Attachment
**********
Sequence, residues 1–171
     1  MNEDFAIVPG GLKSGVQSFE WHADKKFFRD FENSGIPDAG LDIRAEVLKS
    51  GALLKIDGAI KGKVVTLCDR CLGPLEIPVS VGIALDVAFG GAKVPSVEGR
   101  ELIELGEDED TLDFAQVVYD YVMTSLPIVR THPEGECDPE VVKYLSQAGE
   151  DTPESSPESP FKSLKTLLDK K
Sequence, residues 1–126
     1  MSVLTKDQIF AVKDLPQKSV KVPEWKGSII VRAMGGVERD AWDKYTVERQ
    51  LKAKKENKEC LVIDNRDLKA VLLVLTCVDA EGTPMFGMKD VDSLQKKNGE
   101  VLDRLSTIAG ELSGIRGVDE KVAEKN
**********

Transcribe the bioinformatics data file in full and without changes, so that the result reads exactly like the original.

Sequence, residues 1–171
     1  MNEDFAIVPG GLKSGVQSFE WHADKKFFRD FENSGIPDAG LDIRAEVLKS
    51  GALLKIDGAI KGKVVTLCDR CLGPLEIPVS VGIALDVAFG GAKVPSVEGR
   101  ELIELGEDED TLDFAQVVYD YVMTSLPIVR THPEGECDPE VVKYLSQAGE
   151  DTPESSPESP FKSLKTLLDK K
Sequence, residues 1–126
     1  MSVLTKDQIF AVKDLPQKSV KVPEWKGSII VRAMGGVERD AWDKYTVERQ
    51  LKAKKENKEC LVIDNRDLKA VLLVLTCVDA EGTPMFGMKD VDSLQKKNGE
   101  VLDRLSTIAG ELSGIRGVDE KVAEKN